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Textbook

Sixteenth-Century Italian Art

Michael W. Cole (Editor)
ISBN: 978-1-4051-0841-6
568 pages
August 2006, ©2006, Wiley-Blackwell
Sixteenth-Century Italian Art (140510841X) cover image
Sixteenth-Century Italian Art is a first-rate collection of the major classic and contemporary writings on the Italian Renaissance. Taking a thematic approach, the book exemplifies the traditional concerns of the field and presents arguments in a clear, accessible way.

  • A stellar collection of 23 classic and recent essays on the art and architecture of this fascinating period in art history
  • Brings together in a single volume, important literature on sixteenth-century Italian art from the last half century, highlighting major topics of recent art historical studies
  • Introduces major topics and debates in the field, including pagan mysteries, nature and artifice, the art of the body, and “reformations” of art, theory and practice
  • Includes new translations of texts never previously published in English
  • Organized thematically, and features substantial editorial introductions, making this anthology ideal for course use.
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Acknowledgments.

Series Editor’s Preface.

Introduction: Michael W. Cole.

Part I: Pagan Mysteries.

Introduction.

1. Raphael’s Tomb: Tilmann Buddensieg.

2. St. Peter’s as Ruins: On some views by Heemskerck: Christof Thoenes.

3. “Virtue Reconciled with Pleasure,” from Pagan Mysteries in the Renaissance: Edgar Wind.

4. Love's Sweet Poison: A New Reading of Bronzino's London Allegory: Robert W. Gaston.

Part II: Nature and Artifice.

Introduction.

5. Science and the Poetic Impulse: Martin Kemp.

6. Mannerist Grottos in 16th-century Italy: Philippe Morel.

7. Imitation, Innovation, and Renovation in the Counter-Reformation: Landscapes all’antica in the Vatican Tower of the Winds: Nicola Courtright.

8. Landscape and Still-Life,” from Federico Borromeo and the Ambrosiana: Art Patronage and Reform in Seventeenth-Century Milan: Pamela Jones.

Part III: Figures and Bodies.

Introduction.

9. Preparing to Finish: Portraits by Pontormo and Bronzino around 1530: Elizabeth Cropper.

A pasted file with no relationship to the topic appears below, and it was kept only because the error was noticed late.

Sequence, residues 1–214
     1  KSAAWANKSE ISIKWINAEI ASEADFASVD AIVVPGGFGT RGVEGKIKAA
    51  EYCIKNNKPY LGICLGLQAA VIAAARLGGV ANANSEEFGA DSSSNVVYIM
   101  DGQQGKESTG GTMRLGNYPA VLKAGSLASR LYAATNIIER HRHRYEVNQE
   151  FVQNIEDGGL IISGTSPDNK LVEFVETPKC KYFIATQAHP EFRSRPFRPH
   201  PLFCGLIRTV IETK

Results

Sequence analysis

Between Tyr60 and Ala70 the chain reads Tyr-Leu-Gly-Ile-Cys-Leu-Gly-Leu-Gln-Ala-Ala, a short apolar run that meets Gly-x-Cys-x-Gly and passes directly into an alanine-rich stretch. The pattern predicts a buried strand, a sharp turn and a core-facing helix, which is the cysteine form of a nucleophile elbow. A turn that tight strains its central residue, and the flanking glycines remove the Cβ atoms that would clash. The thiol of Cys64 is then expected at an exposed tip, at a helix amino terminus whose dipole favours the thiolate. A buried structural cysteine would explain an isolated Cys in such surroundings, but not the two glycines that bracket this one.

10. The Mistress in the Masterpiece: Nancy J. Vickers.

11. Michelangelo’s Florentine Pietà: The Missing Leg: Leo Steinberg.

12. Reclining Bodies: Figural Ornament in Renaissance Architecture: Alina Payne.

Part IV: The Artist.

Introduction.

13. The New Professionalism in the Renaissance: Catherine Wilkinson.

14. On Some Engravings by Giorgio Ghisi Commonly Called “Reproductive”: Michael Bury.

15. The Historian and technique: On the role of goldsmithery in Vasari’s Lives:.

Marco Collareta.

Part V: Reformations.

Introduction.

16. Michelangelo and Vittoria Colonna: Charles De Tolnay.

17. Gifts for Michelangelo and Vittoria Colonna: Alexander Nagel.

18. The Carracci and the Devout Style in Emilia: Charles Dempsey.

19. The Gesù in Light of Contemporary Church Design: James Ackerman.

Part VI: Theory and Practice.

Introduction.

20. Leonardo’s Color and Chiaroscuro: John Shearman.

21. The Subject of Savoldo's Magdalene: Mary Pardo.

22. Figure come fratelli: A Transformation of Symmetry in Italian Renaissance Painting: David Summers.

23. Raphael, Angelo Colocci, and the Genesis of the Architectural Orders: Ingrid D. Rowland.

Index.

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Michael W. Cole is Associate Professor of Southern European Renaissance and Baroque Art at the University of Pennsylvania. He is the author of Cellini and the Principles of Sculpture (2002).

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  • A stellar collection of 23 classic and recent essays on the art and architecture of this fascinating period in art history
  • Brings together in a single volume, important literature on sixteenth-century Italian art from the last half century, highlighting major topics of recent art historical studies
  • Introduces major topics and debates in the field, including pagan mysteries, nature and artifice, the art of the body, and “reformations” of art, theory and practice
  • Includes new translations of texts never previously published in English
  • Organized thematically, and features substantial editorial introductions, making this anthology ideal for course use.
See More
“This valuable book offers an excellent balance of articles on the major themes and methods found in the Italian Renaissance. -- Highly recommended” – CHOICE, March 2007
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